In Communist Romania, Jews were traded for pigs, calves or cows. This is how Sonia Devillers’ grandparents – as she recounts in Les Exportés (Flammarion, September 2022, not yet translated into English) – were able to pass to the West. A picture of blood and guts emerges from Romania: after being slaughtered by hand, the surviving Jews were worth just about the price of the animals for which they were exchanged.
At the Jewish Museum in Hohenems, Austria, an exhibition with the strange title “‘Taxidermied Jews?” History, present and future of Jewish museums”. “Taxidermied Jews?” The phrase refers to the ancient words of a president of the Jewish community in Vienna who did not want a museum in which Jews could be admired as “Taxidermied Indians”. In the context of the debate opened by the exhibition at the Hohenems Museum, Cilly Kugelmann, the former program director of the Jewish Museum in Berlin, questions the very notion of a “Jewish museum.”
“My novels are a kind of Litvak saga, a monument to the memory of the Lithuanian Jews who have passed away. This is how Grigory Kanovich likes to describe his work. Born in June 1929 in Janova to a Yiddish-speaking Jewish family, he has published many short stories and ten novels, translated into many languages. Last August, in the form of a four-part serial, K. published the first French translation — by Elena Guritanu — of “Poor Rothschild”. At the beginning of this year, we continue the Jewish saga of this prolific 94-year-old Lithuanian writer with the story “I dreamed of Vilnius, the lost Jerusalem”, written as a tribute to Wilno, the Jerusalem of Lithuania. In the preface to this reading, Elie Petit and Elena Guritanu retrace his journey for K.
We know the Christmas movie genre and its more or less serious sub-genres invented by Hollywood. Danny Trom, after having seen ‘Gremlins’ (1984), the horror film directed by Joe Dante and produced by Steven Spielberg, analyzes what could be a specific sub-genre to be identified, the Jewish Christmas movie…
Do today’s music lovers and discophiles feel embarrassed when they listen to recordings of the great performers who played, between 1933 and 1945, without any qualms, for the Nazi leaders? This is the case of Philippe Olivier, a music historian and opera specialist – particularly Wagner – for whom this question is not insignificant and who wonders about his own relationship with this musical heritage.
The history of relations between Jews and Ukrainians came back with insistence from the beginning of the war initiated by Putin. It is an essentially tragic history, which Boris Czerny revisits, but reminding us that it is not limited to acts of violence. Through the evocation of Dovbush, a popular hero of the Carpathians, and of Rabbi Israel Ben Eliezer, known as the “Baal Shem Tov”, he focuses on the web of linguistic and cultural exchanges that demonstrate the richness of the links between Ukrainians and Jews and that constitute the complex material of a common past.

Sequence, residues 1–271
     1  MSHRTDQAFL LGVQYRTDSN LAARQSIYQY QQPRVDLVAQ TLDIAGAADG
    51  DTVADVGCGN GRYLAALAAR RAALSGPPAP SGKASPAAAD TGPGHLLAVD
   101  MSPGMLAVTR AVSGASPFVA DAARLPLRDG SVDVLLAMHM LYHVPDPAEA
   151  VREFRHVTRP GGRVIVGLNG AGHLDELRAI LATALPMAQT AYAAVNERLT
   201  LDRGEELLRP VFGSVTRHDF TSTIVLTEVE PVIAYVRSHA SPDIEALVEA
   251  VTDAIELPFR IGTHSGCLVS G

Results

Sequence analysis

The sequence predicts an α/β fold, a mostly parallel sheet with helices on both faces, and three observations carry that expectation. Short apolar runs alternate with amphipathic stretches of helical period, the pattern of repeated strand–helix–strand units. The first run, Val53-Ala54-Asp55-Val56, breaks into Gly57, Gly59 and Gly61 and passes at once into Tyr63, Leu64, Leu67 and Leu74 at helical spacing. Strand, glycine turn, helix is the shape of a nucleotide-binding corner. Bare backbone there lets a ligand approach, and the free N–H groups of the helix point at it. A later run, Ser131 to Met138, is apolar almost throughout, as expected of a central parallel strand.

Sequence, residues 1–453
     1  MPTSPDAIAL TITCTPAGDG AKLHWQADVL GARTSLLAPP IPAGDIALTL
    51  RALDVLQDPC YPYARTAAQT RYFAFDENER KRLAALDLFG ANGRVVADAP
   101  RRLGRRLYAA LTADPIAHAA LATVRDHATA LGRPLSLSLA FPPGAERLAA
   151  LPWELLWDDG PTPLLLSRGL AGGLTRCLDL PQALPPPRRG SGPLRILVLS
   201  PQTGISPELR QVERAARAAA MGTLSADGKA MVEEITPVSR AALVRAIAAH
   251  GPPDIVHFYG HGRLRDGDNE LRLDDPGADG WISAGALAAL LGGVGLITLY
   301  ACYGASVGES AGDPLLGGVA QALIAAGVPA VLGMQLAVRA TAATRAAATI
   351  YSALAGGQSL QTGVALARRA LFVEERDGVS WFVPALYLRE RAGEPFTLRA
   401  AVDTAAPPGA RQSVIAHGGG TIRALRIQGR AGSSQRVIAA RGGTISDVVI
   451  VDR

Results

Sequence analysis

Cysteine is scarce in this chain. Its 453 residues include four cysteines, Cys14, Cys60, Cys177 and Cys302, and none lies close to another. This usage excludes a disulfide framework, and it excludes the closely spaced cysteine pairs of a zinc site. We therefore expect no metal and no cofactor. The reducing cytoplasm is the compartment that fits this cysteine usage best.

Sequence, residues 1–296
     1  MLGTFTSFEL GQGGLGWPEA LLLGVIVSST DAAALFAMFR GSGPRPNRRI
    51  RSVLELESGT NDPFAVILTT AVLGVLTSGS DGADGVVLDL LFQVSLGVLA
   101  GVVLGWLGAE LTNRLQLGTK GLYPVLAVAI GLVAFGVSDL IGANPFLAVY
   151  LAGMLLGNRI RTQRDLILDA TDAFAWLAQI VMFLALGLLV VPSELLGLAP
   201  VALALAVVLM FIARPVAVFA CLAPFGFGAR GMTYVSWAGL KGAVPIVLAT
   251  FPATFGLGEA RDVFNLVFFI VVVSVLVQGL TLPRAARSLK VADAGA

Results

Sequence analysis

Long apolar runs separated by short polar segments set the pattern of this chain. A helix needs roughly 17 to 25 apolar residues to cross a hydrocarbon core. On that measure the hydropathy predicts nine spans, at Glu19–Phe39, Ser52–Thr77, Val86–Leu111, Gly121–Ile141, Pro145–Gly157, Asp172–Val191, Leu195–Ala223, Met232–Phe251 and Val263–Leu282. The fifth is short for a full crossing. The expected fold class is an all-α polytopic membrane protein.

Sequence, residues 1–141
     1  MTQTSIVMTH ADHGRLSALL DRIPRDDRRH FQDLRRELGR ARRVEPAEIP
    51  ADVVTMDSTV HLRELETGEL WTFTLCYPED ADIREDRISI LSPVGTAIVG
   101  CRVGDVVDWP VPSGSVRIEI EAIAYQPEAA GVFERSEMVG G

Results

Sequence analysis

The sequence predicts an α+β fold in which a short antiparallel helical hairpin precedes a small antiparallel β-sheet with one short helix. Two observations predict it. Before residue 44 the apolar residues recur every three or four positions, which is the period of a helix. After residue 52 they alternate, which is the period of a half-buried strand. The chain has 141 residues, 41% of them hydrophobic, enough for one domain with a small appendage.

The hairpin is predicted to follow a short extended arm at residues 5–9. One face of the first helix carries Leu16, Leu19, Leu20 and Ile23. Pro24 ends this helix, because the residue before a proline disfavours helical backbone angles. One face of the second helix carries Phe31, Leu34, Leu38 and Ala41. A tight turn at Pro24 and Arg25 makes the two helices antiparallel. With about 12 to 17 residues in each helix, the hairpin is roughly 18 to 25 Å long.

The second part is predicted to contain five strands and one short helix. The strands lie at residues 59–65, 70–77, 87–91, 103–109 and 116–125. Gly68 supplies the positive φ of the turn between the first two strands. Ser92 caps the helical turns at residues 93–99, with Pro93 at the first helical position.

The story is well known: Kafka asked his friend Max Brod to destroy his manuscripts. Not only did Max Brod not do so, but he became the guardian of the writer’s memory, his biographer and publisher, the owner of most of his manuscripts – which he took to Israel. Who owns all these archives today? In his book-investigation, Benjamin Balint followed the events surrounding Kafka’s manuscripts, from the political and literary quarrels to the judicial outcome. Philippe Zard returns for K. to the story of a misheritage.
The impromptu arrival of the Netanyahu family one day in the winter of 1959 under the roof of Ruben Blum’s family causes the life of the young history professor at a provincial university in New York State to falter. But how can we understand this explosive event that American novelist Joshua Cohen stages without giving us the key?
In 1926, Samuel Schwarzbard assassinated Symon Petloura, the general-in-chief of the Ukrainian nationalist revolution, whose men were responsible for about 40% of the exactions committed during the pogroms that struck the Ukraine during the civil war (1918-1926). Paul Celan was born in Czernowitz, where Schwarzbard lived for a time and is now in Ukraine. Part of his poetry evokes “the widest of rivers”, the long history of anti-Semitic crime that links the history of pogroms to that of the Shoah. Yvan Segré dives into Celan’s poetry and questions, from it, a memory of the Ukraine like the gesture of Samuel Schwarzbard.
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Thanks to the Paris office of the Heinrich Böll Foundation for their cooperation in the design of the magazine’s website.